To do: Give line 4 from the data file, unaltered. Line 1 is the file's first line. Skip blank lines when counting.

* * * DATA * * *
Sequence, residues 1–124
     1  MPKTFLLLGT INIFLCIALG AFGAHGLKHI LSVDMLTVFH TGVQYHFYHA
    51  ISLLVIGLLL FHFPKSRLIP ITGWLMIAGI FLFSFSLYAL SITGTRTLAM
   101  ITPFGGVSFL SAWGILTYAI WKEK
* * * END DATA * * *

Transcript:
   101  ITPFGGVSFL SAWGILTYAI WKEK